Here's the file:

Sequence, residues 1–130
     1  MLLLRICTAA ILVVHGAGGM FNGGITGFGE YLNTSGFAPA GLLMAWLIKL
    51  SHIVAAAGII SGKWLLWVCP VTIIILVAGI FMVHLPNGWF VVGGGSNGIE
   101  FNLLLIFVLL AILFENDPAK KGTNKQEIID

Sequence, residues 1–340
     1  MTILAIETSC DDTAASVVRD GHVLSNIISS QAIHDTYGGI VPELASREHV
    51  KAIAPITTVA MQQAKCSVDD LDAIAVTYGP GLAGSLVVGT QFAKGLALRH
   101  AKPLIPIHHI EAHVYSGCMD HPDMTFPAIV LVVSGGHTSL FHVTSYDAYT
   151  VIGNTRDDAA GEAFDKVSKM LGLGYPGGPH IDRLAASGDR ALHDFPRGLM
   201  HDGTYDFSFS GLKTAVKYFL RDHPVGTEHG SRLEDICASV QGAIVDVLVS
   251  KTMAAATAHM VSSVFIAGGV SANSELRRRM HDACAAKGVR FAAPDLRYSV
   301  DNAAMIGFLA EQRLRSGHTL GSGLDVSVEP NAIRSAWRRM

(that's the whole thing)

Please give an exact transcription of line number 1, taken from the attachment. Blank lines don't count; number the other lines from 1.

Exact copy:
Sequence, residues 1–130